Boston, December 19, 2020
Dear Friend of the ICS,
This time of year we are all on the receiving end of many letters concluding with the words: “Please be as generous as you can” – even in an unusual year as we just experienced! In how many cases, however, can the works we encourage reach as far back as the dawn of the Common Era? In the last year, our mission, “to increase knowledge about the interconnections between Judaism, Christianity, and the surrounding ancient world” has been carried out through lectures and through our judicious grant program.
In May we awarded our annual Shohet Scholarships to two recipients, who will be able to spread their research out over multiple years because of the ongoing pandemic. The ICS also plans to provide a Zoom forum for future lectures and reports of the grants.
Davide Tanasi (Associate Professor, University of South Florida, Department of History)
Title: The Digital afterlife of the Catacombs of Abbatija tad-Dejr at Rabat (Malta)
Abstract: The research aims at the reappraisal through the application of 3-D Scanning, Remote Sensing and 3-D Visualization of the multifaceted Maltese catacomb complex of Abbatija tad-Dejr, whose occupation phases range from Late Roman to Late Medieval period. The site currently inaccessible and in derelict state was not subject to any excavation or new interpretative study since the 30s. The production of a 3D model combined with a spatial analysis will produce an updated technical documentation necessary to characterize it. An interactive virtual replica of the complex and all it iconographic features will be made accessible on a web platform for public enjoyment.
Joan Connelly (Professor, Classics, New York University) and Monika Więch (Institute of Mediterranean and Oriental Cultures, Polish Academy of Sciences, Department of Classical Mediterranean Cultures)
Title: Yeronisos–Meletis Necropolis Project, Peyia, Paphos District, Cyprus
Abstract: The dozen spectacular rock-cut chamber tombs of the small cemetery of Meletis at Agios Georgios tis Pegeias near Paphos in Cyprus had been thought to be fully looted long ago. But the discovery in 2018 of a thirteenth tomb will forever change our understanding of burial practices within a wealthy sector of the local community during late Hellenistic through Roman times. This project calls for excavation, documentation, preservation, and publication of a family tomb established in the 1st century B.C.E. under Ptolemaic Egyptian influence and continuing in use until the 5–6th century C.E. Investigation of this unique sepulcher provides a rare opportunity for us to understand better the social and cultural history of rock-cut tombs in Cyprus and across the Mediterranean world.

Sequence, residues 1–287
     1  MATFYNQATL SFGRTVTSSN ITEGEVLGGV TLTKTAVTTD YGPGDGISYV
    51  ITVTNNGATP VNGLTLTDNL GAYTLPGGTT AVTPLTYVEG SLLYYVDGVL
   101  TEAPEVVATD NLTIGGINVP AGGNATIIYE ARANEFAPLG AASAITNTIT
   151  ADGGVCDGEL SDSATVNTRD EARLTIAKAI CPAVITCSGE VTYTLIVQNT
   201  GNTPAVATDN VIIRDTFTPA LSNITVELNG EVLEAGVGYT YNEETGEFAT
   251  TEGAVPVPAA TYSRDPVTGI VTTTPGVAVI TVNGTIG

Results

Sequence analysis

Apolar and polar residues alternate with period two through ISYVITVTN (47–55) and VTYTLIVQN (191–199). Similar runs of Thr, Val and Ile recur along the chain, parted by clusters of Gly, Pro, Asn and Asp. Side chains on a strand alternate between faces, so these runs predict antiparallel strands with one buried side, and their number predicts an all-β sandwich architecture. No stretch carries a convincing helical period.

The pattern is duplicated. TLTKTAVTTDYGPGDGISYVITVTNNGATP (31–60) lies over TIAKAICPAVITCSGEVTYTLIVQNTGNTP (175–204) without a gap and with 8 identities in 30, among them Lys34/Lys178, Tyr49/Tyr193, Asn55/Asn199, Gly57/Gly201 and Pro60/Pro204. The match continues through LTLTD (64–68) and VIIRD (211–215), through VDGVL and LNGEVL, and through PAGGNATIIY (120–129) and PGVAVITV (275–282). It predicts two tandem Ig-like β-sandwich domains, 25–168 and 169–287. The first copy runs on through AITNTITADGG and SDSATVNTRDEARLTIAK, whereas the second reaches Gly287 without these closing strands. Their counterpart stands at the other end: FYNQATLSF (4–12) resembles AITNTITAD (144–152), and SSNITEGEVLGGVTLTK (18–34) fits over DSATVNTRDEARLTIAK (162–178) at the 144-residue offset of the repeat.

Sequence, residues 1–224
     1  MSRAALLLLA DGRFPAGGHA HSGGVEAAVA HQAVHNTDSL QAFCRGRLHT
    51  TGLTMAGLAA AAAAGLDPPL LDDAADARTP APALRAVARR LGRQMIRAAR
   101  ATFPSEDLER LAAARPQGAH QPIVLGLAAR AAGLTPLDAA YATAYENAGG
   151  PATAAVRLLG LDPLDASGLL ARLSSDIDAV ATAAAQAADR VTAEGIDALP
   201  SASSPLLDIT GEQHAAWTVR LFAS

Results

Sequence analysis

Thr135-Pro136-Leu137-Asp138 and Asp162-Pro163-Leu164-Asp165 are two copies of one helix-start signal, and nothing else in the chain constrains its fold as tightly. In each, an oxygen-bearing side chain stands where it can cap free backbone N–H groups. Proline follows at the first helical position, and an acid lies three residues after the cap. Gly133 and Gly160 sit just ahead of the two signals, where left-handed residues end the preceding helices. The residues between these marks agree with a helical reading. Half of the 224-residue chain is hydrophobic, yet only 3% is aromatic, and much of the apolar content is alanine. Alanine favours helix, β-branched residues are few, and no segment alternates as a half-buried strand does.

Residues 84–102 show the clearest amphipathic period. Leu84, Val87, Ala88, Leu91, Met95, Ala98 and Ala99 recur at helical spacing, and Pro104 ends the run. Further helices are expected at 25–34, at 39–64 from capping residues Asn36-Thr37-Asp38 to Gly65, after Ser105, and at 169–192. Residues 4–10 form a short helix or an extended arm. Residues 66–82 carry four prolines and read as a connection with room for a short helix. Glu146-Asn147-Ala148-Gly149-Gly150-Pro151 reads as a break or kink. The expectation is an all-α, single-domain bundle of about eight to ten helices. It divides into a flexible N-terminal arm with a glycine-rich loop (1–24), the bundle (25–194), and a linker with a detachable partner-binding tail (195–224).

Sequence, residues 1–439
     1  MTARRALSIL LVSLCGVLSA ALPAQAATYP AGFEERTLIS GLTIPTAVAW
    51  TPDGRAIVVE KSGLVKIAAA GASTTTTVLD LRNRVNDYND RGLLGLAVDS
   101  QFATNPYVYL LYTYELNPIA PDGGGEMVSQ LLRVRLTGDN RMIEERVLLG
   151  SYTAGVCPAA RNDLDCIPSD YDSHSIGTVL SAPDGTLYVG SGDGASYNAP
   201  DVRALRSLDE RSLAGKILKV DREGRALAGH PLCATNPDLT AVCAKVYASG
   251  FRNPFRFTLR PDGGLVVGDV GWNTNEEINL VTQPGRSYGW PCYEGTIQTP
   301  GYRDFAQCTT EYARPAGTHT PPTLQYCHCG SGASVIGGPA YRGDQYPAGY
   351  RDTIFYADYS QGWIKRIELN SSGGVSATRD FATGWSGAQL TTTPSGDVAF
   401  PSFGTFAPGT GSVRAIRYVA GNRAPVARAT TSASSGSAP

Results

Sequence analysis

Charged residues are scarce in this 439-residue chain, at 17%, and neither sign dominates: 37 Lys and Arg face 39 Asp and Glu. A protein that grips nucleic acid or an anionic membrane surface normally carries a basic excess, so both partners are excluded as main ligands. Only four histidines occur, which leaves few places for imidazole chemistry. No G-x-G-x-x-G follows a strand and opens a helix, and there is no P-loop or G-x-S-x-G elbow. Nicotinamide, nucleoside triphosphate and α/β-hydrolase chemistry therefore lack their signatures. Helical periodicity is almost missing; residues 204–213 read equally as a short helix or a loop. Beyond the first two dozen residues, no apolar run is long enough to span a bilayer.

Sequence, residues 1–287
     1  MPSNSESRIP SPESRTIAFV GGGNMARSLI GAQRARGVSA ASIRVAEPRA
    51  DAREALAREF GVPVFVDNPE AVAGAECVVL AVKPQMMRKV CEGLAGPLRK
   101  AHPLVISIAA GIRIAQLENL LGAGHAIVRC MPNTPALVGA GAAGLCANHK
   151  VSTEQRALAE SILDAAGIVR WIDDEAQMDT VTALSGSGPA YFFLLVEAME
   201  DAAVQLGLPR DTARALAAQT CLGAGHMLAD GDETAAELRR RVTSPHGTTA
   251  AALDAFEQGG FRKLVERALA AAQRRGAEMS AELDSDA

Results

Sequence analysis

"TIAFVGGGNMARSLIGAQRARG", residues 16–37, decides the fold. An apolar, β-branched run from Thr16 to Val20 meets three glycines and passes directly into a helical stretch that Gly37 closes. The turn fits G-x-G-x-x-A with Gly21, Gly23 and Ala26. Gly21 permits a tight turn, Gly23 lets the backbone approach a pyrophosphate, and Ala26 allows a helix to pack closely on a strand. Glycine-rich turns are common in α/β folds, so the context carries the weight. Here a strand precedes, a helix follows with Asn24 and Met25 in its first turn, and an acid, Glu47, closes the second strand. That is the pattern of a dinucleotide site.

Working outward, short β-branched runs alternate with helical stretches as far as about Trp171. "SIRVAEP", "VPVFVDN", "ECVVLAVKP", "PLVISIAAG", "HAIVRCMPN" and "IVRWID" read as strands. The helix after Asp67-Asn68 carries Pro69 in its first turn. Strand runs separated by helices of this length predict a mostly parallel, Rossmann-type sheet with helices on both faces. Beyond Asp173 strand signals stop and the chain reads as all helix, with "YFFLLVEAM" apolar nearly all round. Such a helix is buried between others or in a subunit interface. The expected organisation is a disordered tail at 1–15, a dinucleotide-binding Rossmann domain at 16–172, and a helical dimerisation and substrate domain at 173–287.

Consistent with our goal of supporting significant, innovative research these grants support a wide range of disciplines encompassing archeology, art history, and classical studies. None of this work would be possible without the help of our sponsors and supporters.
In addition to our grant program, in 2021 we look forward to several more lectures, generously offered by former grant recipients and members of our distinguished ICS Board.
If you are a member we hope that you will renew your membership, or, if you are not a member, that you will consider becoming one. Your donations are tax deductible. Further information is available on our website, www.catacombsociety.org. Please be as generous as you can.
For the Executive Board of the International Catacomb Society,
with thanks and best wishes,
Annewies van den Hoek, President
Philip Olander, Secretary
International Catacomb Society
217 Hanover Street, Suite 130413
Boston, MA 02113